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3.3 Factors related to postoperative hypoparathyroidism

In comparing patients with or without hypoparathyroidism, the PH and non-PH groups, univariate analysis revealed that in the PH group, the rate of the patients with preoperative diagnosis of malignant disease, total thyroidectomy, the weight of the excised thyroid tissue, the duration of the disease prior to thyroidectomy, CND, recurrent laryngeal nerve palsy, and incidental parathyroidectomy were all significantly higher than in non-PH group. Patients with preoperative diagnosis of benign disease, subtotal thyroidectomy, the duration of the disease prior to thyroidectomy, the absence of CND, no recurrent laryngeal nerve palsy, and no incidental parathyroidectomy were all higher in the non-PH group than the PH group (all P values < .05) (Table 4). Patient's sex, localization of incidentally excised parathyroid tissue, T classification, and operation time were not significantly correlated with PH.

Table 4

Table 4

Multivariate analysis showed that preoperative diagnosis of malignant disease (OR = 1.725, 95% CI: 1.156–2.573, P = .008), CND (OR = 1.612, 95% CI: 1.056–2.461, P = .027), the duration of the disease prior to thyroidectomy (OR = 1.707, 95% CI: 1.144–2.548, P = .009), the weight of the excised thyroid tissue (OR = 1.644, 95% CI: 1.097–2.466, P = .016), and incidental parathyroidectomy (OR = 1.907, 95% CI: 1.280–2.842, P = .002) were independent risk factors of PH (Table 5). Incidental parathyroidectomy was significantly positively correlated with PH.

Table 5

Table 5

In comparing patients with transient hypoparathyroidism and those with permanent hypoparathyroidism, univariate analysis revealed that permanent hypoparathyroidism was more common than transient hypoparathyroidism for males (P = .003), and those with a higher excised thyroid weight (P = .002) (Table 6). Because of the small number of cases, however, we could not compare transient hypoparathyroidism with permanent hypoparathyroidism using logistic regression analysis.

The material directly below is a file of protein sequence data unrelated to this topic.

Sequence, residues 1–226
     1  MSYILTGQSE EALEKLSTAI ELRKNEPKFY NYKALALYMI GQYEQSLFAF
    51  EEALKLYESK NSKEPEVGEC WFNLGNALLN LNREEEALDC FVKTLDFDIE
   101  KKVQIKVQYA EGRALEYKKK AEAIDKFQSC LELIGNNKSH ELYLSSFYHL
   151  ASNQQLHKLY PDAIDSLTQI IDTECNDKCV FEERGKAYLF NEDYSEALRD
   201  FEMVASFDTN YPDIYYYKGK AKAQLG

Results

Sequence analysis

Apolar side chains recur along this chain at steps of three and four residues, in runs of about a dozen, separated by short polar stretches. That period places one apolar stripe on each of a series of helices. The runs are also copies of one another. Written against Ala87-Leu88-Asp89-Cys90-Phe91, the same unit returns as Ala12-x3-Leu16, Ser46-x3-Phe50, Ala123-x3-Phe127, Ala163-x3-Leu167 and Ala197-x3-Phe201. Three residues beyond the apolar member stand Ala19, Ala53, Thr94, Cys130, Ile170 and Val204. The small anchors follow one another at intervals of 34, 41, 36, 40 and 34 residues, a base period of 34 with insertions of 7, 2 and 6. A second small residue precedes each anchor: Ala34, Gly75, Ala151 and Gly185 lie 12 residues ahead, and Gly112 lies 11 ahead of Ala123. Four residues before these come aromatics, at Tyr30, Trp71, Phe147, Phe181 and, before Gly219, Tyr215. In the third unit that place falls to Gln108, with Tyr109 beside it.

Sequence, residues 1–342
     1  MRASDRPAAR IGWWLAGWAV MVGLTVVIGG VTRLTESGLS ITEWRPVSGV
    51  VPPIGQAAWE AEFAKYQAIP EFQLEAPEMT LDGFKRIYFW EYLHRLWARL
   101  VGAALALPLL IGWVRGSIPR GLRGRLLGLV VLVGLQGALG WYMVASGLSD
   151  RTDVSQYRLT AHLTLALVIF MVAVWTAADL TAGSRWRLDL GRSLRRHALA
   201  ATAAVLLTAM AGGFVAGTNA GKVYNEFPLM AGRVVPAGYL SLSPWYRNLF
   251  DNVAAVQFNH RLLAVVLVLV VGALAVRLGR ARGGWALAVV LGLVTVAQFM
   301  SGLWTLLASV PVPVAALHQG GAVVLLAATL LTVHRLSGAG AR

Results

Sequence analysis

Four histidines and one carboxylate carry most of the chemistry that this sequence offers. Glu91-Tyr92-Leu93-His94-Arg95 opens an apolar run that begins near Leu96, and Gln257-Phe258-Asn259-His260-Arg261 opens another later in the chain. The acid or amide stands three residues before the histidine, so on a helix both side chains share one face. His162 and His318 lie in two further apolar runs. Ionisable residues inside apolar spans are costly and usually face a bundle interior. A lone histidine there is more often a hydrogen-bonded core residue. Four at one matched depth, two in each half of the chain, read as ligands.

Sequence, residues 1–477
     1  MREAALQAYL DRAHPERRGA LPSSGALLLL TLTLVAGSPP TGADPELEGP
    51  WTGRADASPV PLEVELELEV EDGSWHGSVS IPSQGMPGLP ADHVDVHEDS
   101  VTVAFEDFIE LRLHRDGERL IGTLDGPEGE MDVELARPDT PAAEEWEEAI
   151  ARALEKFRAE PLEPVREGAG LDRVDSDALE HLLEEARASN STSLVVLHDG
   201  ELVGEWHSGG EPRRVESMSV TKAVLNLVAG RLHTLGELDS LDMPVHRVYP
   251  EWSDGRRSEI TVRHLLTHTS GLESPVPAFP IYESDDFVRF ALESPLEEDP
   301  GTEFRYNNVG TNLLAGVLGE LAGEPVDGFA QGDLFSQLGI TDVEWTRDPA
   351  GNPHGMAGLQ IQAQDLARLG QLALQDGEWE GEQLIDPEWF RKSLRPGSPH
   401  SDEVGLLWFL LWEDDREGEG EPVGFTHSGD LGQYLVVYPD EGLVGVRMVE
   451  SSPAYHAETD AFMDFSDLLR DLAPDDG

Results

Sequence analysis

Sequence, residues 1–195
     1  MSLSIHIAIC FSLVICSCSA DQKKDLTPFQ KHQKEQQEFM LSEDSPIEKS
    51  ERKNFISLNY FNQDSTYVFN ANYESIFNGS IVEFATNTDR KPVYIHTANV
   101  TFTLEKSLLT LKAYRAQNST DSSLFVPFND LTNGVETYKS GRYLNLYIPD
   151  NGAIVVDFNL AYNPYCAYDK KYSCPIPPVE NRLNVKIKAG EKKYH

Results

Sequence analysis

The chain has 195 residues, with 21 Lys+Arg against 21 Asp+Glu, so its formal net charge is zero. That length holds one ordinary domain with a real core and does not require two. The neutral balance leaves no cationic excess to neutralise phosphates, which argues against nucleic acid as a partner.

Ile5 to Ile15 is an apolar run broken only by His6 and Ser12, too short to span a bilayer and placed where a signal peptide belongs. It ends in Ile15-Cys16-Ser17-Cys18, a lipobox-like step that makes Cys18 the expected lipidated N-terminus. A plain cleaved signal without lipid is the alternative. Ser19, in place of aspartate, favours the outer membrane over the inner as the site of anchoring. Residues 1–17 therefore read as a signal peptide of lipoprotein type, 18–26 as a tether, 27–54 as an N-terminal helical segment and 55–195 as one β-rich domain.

Table 6

Table 6

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4 Discussion

The aim of this study was to evaluate the frequency, risk factors, and clinical significance of incidental parathyroidectomy during thyroid surgery. In addition, the incidence and risk factors of post-procedure hypoparathyroidism and their potential correlation were investigated. The results show that 15.7% patients experienced incidental parathyroidectomy and 25.5% had PH. Total thyroidectomy and the weight of the excised thyroid tissue during thyroidectomy and preoperative diagnosis of malignant disease, duration of the disease prior to thyroidectomy, and concomitant CND were significant predictors of incidental parathyroidectomy.

Although the morbidity of thyroid surgery has significantly decreased during the last decades, inadvertent parathyroidectomy during thyroidectomy continues to challenge even experienced surgeons. According to recent literature, the rate of presence of parathyroid tissue in histopathologic examination varies widely from 5.2% up to 21.6%.[4,5] In the present trial, it was identified in 15.7% of the cases. In the literature, it is reported that in most cases only 1 parathyroid gland is resected incidentally. However, there are several reviews where 2 parathyroid glands were identified at a significant rate.[5] In the present study 1 parathyroid gland was found in 78 cases (78/86, 90.7%), and 2 parathyroid glands were found in 8 cases (8/86, 9.3%). Incidentally excised parathyroid glands were reported in an intrathyroidal location in 27.9% of the cases, in extracapsular location in 72.1%, and in a subcapsular location in 16.3%.[11] Because intrathyroidal location of incidentally excised parathyroid glands was found in 27.9% of the cases in our study, this high rate makes complete avoidance of incidental parathyroidectomy during thyroid operation virtually impossible. This conclusion has also been reached by another study that found 57.7% of resections were of intrathyroid location.[15]